I am one of those poor saps who is remarkably slow on the uptake. That’s an honest admission. But however slow on the uptake I am, I find it immensely useful. not to say remarkably helpful, to listen to folk - the conventional term used is ‘experts’ - who know what they are talking about and from whom I might pick up this and that.
A few months ago I watched an interesting three part-series on TV called High Art Of The Low Countries in which a chap - an expert (he said in that faux dog-in-the-manger way he has adopted to feign humility while trying to disguise abject ignorance - I am the very original cultural scavenger) - called Andrew Graham-Dixon trotted through the art of what several centuries ago were known as the Low Countries. These days we know them as Belgium and Holland (aka The Netherlands i.e. the Low Countries).
He began in the 15 century, but I, for the purposes of this entry, shall draw your attention to just one painter a Dutchman called Piet Mondrian, who was born in 1872 and who died 72 years later in 1944.
If, as I contentiously suggest, there is a spectrum of the arts ranging from pure sound - music - at the one end through to pure line, shape and colour - painting - a the other, and if, travelling from the one - contentious extreme to the other - we pass from music, to poetry, writing, theatre, cinema and then onto the graphic, plastic arts - sculpture and ‘pure art’ - I am more inclined to music and words (their sound, meaning and ‘import’) rather than painting. I like going to exhibitions of this, that and t’other, and do so quite often (so to speak), but I feel closer to sound than I do to line, shape and colour. So that is why I enjoy listening, invariably on TV, to people like Graham-Dixon who know a lot more about it than I do and can illuminate it for me.
For the purposes of this entry, though, I shall concentrate on just one thing: the artistic progression, or if you like the development, of an artist, in this case Piet Mondrian.
Below are five paintings by him, in reverse order - I believe - of creation.
Mondrian, a Dutchman, was originally (so Graham-Dixon tells me, I should not like to give the impression I know more than I do) a rather conventional painter, but took off on his own unique trajectory after visiting an exhibition of work by his fellow Dutchman van Gogh.
I have reproduced the five works in reverse order to try to make a point. Here is the first:
What, you might ask yourself is so ‘special’ about this? Before I watched the TV progamme by Graham-Dixon, I had seen it (or more probably works like it) before and thought ‘hmm, nice enough, but not in my book outstanding in as far as it looks like any number of works produced by any number of art students’, though consider that when it and its kind were first presented it would have looked rather more unusual. I cannot, in all honesty, stress - and admittedly to my very untutored eye - how ordinary this looks compared with, say, any number of pieces of what one might call ‘corporate art’, pictures bought by the yard by firms for the foyer of their headquarters to persuade you that simply making money is not - honest injun! - all they are interested in, despite your gut feeling.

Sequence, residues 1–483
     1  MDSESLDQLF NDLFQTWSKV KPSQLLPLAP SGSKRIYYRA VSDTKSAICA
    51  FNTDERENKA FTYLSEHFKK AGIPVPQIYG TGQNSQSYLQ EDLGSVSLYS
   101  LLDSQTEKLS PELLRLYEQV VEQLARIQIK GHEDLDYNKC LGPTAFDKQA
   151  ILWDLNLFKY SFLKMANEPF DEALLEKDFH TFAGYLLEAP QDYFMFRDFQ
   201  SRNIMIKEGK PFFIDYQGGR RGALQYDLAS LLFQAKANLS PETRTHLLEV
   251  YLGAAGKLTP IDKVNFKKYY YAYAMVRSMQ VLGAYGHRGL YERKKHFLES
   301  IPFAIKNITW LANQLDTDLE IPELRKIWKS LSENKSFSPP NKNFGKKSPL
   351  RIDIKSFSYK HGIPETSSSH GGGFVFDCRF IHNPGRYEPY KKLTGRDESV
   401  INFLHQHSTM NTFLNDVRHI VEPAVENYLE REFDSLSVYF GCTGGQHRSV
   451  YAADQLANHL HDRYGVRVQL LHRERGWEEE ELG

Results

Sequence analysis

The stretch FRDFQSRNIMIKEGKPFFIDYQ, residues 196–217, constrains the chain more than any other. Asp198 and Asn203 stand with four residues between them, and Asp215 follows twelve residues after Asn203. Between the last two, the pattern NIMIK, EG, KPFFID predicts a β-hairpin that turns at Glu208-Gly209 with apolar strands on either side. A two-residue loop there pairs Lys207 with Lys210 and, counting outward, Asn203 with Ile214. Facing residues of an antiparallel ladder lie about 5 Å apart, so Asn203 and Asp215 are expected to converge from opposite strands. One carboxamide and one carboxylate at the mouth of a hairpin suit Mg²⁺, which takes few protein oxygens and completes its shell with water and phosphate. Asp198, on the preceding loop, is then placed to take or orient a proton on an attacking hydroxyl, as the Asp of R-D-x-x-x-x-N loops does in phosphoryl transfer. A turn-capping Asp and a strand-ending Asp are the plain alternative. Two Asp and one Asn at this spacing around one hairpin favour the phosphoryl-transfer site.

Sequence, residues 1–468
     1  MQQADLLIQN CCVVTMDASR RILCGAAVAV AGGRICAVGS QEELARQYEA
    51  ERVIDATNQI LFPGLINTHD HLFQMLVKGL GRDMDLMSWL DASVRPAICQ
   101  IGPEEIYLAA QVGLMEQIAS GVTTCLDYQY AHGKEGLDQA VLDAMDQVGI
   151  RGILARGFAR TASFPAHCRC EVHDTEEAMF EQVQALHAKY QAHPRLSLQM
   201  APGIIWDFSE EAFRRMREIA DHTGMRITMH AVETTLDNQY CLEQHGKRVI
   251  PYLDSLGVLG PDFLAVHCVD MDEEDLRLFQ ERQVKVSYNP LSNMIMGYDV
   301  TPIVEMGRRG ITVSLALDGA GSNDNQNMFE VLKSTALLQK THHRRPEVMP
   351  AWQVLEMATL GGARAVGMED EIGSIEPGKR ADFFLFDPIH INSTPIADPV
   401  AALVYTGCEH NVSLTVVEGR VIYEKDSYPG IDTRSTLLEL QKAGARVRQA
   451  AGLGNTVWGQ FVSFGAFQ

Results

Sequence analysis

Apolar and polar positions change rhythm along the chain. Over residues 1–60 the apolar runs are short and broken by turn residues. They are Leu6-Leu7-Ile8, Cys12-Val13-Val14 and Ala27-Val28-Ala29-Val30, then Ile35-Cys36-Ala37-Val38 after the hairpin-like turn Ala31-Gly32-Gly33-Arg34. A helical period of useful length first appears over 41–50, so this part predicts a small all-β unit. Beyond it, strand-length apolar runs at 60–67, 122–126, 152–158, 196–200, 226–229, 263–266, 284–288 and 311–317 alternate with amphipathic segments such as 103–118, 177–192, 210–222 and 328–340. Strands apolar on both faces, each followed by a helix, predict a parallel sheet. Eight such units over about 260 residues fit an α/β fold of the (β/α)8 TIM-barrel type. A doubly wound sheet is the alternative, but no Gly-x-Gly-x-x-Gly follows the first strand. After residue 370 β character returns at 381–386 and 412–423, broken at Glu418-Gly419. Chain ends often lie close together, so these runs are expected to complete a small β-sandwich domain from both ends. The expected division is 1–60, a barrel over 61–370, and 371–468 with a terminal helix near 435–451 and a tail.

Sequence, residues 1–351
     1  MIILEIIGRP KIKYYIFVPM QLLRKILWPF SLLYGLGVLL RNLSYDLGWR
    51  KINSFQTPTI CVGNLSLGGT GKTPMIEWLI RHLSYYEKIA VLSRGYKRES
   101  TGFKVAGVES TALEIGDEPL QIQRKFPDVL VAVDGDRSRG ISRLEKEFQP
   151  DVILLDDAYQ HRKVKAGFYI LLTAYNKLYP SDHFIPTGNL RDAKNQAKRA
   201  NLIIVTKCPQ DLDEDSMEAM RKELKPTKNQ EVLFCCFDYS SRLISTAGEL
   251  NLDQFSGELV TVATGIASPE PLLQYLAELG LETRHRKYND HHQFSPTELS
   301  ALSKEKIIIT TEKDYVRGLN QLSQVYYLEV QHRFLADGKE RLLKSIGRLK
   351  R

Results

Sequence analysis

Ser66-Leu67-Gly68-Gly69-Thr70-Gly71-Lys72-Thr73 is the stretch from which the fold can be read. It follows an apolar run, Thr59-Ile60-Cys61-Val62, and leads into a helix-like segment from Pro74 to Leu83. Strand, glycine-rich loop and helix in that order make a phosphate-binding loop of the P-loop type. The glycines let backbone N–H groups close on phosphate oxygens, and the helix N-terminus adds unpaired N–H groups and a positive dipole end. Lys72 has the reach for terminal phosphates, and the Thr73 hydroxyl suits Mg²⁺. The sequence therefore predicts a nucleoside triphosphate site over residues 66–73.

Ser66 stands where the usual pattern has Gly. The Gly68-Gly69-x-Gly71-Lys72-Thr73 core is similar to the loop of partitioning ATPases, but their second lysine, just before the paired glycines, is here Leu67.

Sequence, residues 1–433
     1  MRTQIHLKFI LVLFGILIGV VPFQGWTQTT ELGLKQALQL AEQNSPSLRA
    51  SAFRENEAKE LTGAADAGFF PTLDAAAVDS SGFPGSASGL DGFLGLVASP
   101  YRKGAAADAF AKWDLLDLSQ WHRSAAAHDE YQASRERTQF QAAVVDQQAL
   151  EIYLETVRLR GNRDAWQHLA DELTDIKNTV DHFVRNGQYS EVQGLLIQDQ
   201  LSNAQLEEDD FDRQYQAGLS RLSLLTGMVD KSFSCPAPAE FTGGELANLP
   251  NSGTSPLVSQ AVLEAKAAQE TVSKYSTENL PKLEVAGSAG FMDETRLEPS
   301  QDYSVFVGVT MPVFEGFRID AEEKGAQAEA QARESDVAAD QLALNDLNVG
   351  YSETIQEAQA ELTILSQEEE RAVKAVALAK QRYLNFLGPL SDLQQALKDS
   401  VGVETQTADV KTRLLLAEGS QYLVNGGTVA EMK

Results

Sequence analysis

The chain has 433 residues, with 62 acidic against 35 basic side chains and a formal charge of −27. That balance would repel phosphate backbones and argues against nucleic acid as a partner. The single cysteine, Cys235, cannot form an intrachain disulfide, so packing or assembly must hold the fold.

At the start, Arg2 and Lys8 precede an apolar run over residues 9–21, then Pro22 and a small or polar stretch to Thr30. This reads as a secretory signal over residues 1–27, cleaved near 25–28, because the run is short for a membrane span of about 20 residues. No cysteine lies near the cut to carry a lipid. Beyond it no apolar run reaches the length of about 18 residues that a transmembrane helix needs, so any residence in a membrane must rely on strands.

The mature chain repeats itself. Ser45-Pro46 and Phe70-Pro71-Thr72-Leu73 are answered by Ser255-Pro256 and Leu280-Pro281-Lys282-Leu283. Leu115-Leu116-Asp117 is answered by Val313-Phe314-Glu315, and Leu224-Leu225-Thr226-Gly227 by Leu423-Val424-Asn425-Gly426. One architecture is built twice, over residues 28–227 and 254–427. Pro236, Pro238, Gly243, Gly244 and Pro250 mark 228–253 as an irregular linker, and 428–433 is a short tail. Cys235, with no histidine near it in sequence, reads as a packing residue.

Nevertheless . . .
What I didn’t know, and what Graham-Dixon informed me, was that it was a development from this:
You can see how it might have developed from one to the next. Mondrian, we were told, spent the war on the coast of Holland and noticed a number of wooden posts which had at one point supported a, now non-existent, pier. That is what is was trying to show.
But even that was a development from this:
which was itself a development from this:
So what has all this got to do with the title of this entry, It’s Not What Any More, But How?
It’s actually quiet straightforward: just how many more times do we have to be told that horrible parents can fuck up their children? That man’s inhumanity to man is beyond comprehension? That there’s nowt as queer as folk? That the lot of those at the bottom of the pile is shit times ten?
What Mondrian is doing above is replicating an aspect of the world in different ways. And as for writing, to put it ostensibly very obscurely but actually very directly: it’s not the joke, it’s the way you tell it.
So my contention is that ‘the story’ is now quite possibly a thing of the past. In fact, it always was: it’s the ‘how’ we tell the different stories, the ‘how’ we manipulate language, it is perhaps, pace the very first Mondrian image reproduced here, the language itself, its use and the manipulation thereof which must now take centre stage given, as I suggest, there’s really not that much new under the sun. And ironically, it has always been that way, not just for the past 20 or 40 years, but almost forever.
The problem is, of course, that all of us are so familiar with language and its myriad usages that it is too immediate. We cannot, or can rarely, stand back and try to view a particular usage in what might be a new way. Paint is different: apart from painters none of us is familiar with paint. So when we are confronted with paint being used in a new, novel way, we are quite possibly alert to that new usage.
But I now sense I am on very shaky ground. So perhaps I should come to an end here and not risk making an even bigger tit of myself by blathering on yet again. As always, the proof of the pudding is always in the eating. And I also sense that the few ports I have been drinking while writing this entry might well mean it needs another entry to clarify it all a tad.